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How To Write Erotica

I have read quite a bit on Noveltrove as well as on other sites, and one thing is pretty clear.  A lot of first time writers have a good idea for the story and write well, but the story doesn't progress from a definite beginning to a definite end.  That's called a plot, and even the shortest story needs a plot to keep a reader reading to see what's going to happen next.

I don't consider myself to be an expert in the art of writing, and some of my stuff makes that painfully obvious, but I learned a lot about writing by reading and contributing to a similar forum on another site.  Indeed, as Ernest Hemingway once remarked, “We are all apprentices in a craft where no one ever becomes a master.”  What he was saying is that no matter how good you are, you can always improve.  I offer this short introduction into writing erotica in the hope of generating a discussion of the techniques other writers use and favor so all of us, beginners and experienced writers alike, can improve.

 

How To Write Eritica

So, you’ve enjoyed reading erotica for a while now, and think it would be fun to write your own story and share it with others. Good for you. All you have to do is sit down at your keyboard and start writing, right?

Well, you can do it that way, and if you read erotic stories on some sites other than Noveltrove, you’ll realize many writers do just that. They apparently sit down and begin typing words as fast as they think of them. Here’s an example. It’s of my own invention and while it looks overboard, it’s unfortunately typical of some writing you can find on sites that aren’t as selective as arti about what he publishes on Noveltrove.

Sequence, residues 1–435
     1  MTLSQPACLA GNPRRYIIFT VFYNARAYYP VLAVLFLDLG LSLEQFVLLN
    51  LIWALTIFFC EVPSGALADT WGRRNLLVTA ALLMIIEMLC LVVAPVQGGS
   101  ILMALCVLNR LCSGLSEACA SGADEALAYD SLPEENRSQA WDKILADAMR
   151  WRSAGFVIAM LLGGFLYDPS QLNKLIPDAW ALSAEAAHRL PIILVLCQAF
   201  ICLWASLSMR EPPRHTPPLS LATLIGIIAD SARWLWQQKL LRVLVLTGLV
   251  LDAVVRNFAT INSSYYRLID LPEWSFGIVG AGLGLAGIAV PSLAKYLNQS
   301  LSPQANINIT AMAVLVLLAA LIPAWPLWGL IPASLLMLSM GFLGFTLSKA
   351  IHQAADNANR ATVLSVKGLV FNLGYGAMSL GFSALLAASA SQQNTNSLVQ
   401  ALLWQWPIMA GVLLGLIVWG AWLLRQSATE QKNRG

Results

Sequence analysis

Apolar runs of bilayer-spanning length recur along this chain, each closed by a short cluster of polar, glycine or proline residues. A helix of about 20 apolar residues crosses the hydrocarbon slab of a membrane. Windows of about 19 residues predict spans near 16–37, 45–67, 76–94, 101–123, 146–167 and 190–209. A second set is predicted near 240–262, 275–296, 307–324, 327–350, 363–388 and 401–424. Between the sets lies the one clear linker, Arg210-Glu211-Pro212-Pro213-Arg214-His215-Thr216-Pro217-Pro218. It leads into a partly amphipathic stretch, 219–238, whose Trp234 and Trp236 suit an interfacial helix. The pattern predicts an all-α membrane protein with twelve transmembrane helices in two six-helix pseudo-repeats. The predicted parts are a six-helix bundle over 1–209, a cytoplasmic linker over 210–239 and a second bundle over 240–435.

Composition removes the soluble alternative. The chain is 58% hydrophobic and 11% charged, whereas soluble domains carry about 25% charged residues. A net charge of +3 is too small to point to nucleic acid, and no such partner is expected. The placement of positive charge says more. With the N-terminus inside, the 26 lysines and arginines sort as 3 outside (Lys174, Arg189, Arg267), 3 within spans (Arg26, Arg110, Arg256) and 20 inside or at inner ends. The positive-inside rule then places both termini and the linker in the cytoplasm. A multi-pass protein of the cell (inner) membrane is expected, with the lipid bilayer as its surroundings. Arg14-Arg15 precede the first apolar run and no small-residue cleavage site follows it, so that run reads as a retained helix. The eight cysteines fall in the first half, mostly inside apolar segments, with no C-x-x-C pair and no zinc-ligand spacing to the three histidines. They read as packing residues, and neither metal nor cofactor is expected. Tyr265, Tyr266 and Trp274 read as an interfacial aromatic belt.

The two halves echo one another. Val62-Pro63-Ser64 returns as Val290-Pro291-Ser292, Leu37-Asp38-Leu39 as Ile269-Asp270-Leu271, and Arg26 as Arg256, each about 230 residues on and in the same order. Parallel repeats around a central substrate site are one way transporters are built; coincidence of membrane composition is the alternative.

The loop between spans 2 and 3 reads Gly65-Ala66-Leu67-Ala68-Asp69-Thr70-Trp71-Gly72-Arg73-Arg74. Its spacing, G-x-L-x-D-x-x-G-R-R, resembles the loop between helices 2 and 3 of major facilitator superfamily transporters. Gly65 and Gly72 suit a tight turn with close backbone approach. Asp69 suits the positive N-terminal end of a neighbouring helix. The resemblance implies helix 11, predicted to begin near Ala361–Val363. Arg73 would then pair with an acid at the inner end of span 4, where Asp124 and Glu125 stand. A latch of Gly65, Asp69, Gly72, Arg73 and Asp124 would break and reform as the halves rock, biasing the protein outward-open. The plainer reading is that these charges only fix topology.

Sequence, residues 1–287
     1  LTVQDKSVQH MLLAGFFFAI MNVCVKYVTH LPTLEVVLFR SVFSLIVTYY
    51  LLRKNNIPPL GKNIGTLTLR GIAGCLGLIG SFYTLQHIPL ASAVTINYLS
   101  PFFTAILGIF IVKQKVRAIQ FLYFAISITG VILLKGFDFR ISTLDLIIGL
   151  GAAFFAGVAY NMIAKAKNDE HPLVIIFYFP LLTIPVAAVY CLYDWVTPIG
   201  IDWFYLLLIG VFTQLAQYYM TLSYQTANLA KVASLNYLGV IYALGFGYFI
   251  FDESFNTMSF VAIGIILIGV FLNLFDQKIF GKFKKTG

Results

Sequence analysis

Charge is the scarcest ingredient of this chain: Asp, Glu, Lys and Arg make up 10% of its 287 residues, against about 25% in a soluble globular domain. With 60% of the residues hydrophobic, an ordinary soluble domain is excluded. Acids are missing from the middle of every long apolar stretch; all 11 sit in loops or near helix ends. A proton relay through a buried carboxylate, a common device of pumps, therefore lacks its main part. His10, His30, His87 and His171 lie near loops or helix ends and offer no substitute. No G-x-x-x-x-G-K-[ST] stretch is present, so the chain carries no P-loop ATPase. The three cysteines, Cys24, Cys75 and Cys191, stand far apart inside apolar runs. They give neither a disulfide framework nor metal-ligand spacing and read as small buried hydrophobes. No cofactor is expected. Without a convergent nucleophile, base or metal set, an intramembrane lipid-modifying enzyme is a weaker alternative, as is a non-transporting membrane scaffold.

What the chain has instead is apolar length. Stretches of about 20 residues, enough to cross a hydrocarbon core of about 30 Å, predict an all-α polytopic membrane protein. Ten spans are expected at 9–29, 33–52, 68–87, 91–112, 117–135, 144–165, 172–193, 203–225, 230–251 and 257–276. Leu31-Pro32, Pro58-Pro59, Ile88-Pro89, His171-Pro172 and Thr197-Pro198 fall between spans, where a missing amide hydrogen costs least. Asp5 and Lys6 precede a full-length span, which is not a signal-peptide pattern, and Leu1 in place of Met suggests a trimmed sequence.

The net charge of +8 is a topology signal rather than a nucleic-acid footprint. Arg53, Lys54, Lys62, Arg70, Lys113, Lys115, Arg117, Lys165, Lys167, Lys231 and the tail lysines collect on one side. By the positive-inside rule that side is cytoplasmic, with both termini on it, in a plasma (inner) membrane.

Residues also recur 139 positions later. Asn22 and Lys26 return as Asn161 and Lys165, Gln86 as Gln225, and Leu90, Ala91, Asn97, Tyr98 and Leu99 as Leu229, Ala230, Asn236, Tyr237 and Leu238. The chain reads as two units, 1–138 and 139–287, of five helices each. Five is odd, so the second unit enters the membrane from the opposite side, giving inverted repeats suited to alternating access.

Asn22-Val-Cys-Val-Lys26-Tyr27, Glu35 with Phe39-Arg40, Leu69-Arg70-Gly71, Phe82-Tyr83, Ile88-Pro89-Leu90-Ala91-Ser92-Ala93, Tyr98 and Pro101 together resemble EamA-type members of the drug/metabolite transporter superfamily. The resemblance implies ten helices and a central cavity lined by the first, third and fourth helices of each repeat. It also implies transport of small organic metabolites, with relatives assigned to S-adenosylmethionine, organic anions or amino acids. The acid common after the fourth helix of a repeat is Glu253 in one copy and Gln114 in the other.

I saw her walking on campus that day her gigantic tits bouncing with each step and I knew I had to fuck her so I walked up and said that and she said she wanted to fuck me so we went to my apartment and she ripped off her clothes as soon as I closed the door and she ripped off my pants then and sucked my cock hard and then said she wanted to be fucked until she came so hard she squirted all over my cock so I…

The above isn’t Erotica. It’s very poorly written porn with no punctuation and is very hard to read. Erotica is a story containing realistic sex as part of the relationships and actions between the characters. Erotica is no different from any other work of fiction except for a somewhat more graphic recounting of sex. The same techniques that Stephen King used to capture the interest of so many readers are the same techniques used by D. H. Lawrence in “Lady Chatterly’s Lover”, by John Cleland in “Memoirs of a Woman of Pleasure” and by “Walter” in “My Secret Life”.

So, how does one write erotica (or any other type of story for that matter)?

Starting Out

To write, one must have something about which to write. That usually means a situation that brings two or more people together, but it can also be just one person. The story will be about what happens before, during, and maybe after that situation occurs.

It’s easier to write about something you know reasonably well, either through personal experience or by research. You don’t have to research enough to qualify as an expert. You just need to know enough about the setting and time period of the story that what you write could probably happen.

What Happens? – The “Plot”

It’s amazing, isn’t it, that the characters in the novels written by authors who get paid to write always do exactly what is needed to arrive at the ending? That’s not by chance. The end of a story is the most important part because the end determines the actions the characters will take at the beginning and during the middle, i.e., the plot. If we don’t know how the story is going to end before we write the beginning and middle, how do we know what the characters are going to do and how they’re going to do it? A plot gives a story continuity and makes a reader want to read what happens next.